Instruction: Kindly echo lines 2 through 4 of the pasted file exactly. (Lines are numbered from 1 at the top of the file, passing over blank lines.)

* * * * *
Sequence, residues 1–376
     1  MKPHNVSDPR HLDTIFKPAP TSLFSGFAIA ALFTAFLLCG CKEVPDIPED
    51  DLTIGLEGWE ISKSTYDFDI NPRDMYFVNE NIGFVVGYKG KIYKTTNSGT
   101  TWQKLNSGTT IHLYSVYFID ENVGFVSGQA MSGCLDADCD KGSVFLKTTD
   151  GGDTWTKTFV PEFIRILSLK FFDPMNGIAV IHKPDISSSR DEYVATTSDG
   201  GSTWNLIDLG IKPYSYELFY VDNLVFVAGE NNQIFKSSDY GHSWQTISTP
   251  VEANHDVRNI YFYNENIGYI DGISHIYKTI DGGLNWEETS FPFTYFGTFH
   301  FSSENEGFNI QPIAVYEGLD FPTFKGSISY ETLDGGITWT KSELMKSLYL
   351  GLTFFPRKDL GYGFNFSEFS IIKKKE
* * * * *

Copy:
     1  MKPHNVSDPR HLDTIFKPAP TSLFSGFAIA ALFTAFLLCG CKEVPDIPED
    51  DLTIGLEGWE ISKSTYDFDI NPRDMYFVNE NIGFVVGYKG KIYKTTNSGT
   101  TWQKLNSGTT IHLYSVYFID ENVGFVSGQA MSGCLDADCD KGSVFLKTTD